When you purchase a new car, you get a ream of optional extras to choose from, not necessary to the running of the car, but to improve the look of the car or make it more pleasant to drive.

Milking parlours are no different. Cost per unit will depend on the size of the parlour, but generally start at €3,000/ unit for your bog standard spec, right up to €8,000/unit for all the bells and whistles.

The great thing about parlours compared to cars is that you can start off with a low spec and gradually add on these additional extras as you go, or as cashflow allows.


Now a standard feature on most new parlour builds, automatic cluster removers (ACRs) are top of the list when it comes to parlour add-ons. It is recommended that where are there are no ACRs fitted, the maximum milking units per milker is 16, with this figure increasing to 24 units per milker where they are fitted.

The main benefit to ACRs is that cows aren’t overmilked, which can occur in long parlours fitted with many units, or if the milker were to step out of the parlour for a minute to feed calves, draft a cow, etc. The vacuum on the cluster kicks in when the cluster weight is lifted off the ACR rope, with the vacuum cutting off at the end of the cow based on milk flow through the cluster.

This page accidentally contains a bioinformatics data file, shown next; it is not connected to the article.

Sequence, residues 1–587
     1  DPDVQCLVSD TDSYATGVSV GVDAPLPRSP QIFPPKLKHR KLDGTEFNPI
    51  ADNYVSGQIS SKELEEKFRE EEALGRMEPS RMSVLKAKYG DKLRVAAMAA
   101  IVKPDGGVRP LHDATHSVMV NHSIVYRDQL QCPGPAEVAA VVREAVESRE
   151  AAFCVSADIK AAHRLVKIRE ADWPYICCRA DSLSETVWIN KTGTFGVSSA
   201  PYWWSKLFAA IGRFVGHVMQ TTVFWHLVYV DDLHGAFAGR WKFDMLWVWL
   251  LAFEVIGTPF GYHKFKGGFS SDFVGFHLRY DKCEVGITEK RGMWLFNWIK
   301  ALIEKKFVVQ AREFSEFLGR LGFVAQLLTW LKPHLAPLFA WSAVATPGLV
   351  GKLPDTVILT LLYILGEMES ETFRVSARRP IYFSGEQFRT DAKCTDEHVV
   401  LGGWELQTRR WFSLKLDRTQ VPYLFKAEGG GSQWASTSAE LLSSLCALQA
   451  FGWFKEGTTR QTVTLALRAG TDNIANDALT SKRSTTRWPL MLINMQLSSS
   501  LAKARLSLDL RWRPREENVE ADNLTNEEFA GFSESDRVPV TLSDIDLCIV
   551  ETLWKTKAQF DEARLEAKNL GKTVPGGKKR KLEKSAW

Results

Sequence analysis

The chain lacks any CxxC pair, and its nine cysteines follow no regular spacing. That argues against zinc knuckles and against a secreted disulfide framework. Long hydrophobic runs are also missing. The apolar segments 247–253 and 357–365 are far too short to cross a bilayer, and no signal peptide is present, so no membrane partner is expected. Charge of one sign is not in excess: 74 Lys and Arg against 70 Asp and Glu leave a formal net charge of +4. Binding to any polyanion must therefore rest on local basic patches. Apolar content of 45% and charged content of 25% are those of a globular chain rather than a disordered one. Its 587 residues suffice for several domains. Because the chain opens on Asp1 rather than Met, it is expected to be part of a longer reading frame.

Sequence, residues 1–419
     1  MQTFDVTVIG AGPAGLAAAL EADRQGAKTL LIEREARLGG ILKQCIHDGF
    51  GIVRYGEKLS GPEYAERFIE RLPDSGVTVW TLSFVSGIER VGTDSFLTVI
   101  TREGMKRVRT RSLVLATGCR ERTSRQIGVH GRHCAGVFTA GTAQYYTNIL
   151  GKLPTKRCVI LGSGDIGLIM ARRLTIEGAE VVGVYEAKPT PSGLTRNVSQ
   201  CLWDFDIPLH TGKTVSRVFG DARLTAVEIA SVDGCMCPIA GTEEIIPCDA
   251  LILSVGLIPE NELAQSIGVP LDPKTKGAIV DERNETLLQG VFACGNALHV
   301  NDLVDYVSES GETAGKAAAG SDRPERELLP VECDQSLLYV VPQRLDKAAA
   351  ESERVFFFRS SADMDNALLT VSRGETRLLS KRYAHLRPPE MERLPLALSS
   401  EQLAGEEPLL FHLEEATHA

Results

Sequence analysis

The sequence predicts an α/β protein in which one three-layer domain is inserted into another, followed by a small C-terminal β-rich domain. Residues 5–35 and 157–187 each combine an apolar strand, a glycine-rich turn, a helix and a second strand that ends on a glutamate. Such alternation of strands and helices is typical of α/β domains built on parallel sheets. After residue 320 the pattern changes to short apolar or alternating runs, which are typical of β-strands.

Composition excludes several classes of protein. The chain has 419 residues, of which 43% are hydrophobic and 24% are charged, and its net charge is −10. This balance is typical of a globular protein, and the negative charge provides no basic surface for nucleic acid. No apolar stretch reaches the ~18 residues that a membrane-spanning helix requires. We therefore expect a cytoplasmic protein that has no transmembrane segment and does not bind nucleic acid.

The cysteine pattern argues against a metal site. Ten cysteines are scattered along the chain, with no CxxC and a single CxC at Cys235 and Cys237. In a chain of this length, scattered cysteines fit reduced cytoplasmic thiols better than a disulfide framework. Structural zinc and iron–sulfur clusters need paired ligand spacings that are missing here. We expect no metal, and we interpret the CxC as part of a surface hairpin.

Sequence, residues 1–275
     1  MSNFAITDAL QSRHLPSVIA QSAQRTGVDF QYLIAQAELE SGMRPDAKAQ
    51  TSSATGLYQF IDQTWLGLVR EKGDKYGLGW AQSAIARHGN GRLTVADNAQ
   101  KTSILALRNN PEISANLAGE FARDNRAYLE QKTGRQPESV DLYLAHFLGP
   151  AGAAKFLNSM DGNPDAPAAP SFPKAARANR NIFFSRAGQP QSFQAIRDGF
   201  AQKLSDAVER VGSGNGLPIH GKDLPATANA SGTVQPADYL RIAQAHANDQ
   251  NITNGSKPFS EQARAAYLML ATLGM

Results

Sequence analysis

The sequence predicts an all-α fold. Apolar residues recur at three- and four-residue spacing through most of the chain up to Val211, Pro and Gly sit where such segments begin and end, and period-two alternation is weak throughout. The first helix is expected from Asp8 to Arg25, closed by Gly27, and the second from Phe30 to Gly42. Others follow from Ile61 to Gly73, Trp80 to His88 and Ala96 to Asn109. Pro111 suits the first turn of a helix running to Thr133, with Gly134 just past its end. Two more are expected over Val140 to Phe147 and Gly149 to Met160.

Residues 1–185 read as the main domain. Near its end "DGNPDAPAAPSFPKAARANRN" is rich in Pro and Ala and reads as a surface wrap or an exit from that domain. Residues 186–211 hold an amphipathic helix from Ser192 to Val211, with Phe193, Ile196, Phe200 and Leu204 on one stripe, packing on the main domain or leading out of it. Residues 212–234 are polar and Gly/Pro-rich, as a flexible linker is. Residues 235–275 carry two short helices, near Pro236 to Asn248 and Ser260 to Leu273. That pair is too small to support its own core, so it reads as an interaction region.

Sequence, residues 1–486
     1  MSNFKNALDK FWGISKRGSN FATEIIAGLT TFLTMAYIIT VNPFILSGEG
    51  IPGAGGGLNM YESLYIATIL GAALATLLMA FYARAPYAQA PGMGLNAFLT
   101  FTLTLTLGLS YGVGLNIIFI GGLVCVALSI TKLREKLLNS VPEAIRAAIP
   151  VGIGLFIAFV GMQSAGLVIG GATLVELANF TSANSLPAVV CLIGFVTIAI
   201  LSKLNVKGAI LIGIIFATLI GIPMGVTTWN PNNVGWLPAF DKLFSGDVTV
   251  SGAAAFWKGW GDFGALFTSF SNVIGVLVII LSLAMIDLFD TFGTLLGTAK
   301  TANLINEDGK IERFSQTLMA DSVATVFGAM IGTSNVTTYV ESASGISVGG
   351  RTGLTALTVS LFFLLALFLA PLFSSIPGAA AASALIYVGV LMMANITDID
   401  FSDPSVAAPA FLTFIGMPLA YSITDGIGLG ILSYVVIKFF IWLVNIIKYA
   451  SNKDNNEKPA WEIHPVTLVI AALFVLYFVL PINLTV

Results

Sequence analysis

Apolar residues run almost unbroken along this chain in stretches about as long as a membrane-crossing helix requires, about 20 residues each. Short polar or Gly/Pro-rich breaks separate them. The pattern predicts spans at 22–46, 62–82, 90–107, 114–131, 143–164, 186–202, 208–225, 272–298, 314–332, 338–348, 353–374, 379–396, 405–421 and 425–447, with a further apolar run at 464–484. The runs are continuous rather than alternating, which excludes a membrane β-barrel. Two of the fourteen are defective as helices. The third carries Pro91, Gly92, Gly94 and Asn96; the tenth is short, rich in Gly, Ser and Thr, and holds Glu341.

A simple drafting gate solution. This manual drafting gate has haybob tines keeping it in normal position and the operator pulls a rope to draft a cow (left of gate).

Backing gate

The goal for milking should be that from the moment you step into the parlour pit, you shouldn’t have to leave for any reason.

Backing gates prevent the milker from having to leave to draft cows at the back of the collection yard into the parlour. They are more suited to larger herds operating bigger collection yards. Backing gates can be automatically or manually operated, with electrical or hydraulic options also available.

Safety features on backing gates prevent cows being overly pressured or crushed, with sensitivity sensors fitted.


Drafting cows for breeding, treatments etc, is a difficult task where poor handling facilities are in place, as well as resulting in the milker having to leave the pit or all cows having to be held until the end of milking and then having to be drafted.

A farmer will spend anywhere between two to four hours in the parlour pit. An investment in parlour pit mats will add cushioning and reduce pressure on joints.

Like parlours, drafting gates can be rudimentary or highly technical. A simple rope pulley to swing a gate across as a cow is entering the parlour will suffice, while some farmers using cow collars for heat detection are now incorporating auto drafting units, where cows are drafted at the touch of the button.

Parlour mats

While not necessarily a labour savour, parlour mats are a good addition to any parlour. As you will be standing for two to four hours per day, a cushioning underfoot will have long-term benefits with regards to pressure to knee and hip joints.

Disused cubicle mats will suffice, although specially designed parlour mats are available. Some farmers have also opted to use a plastic sheep/calf slat underfoot, keeping the parlour pit clean while giving a spring underfoot.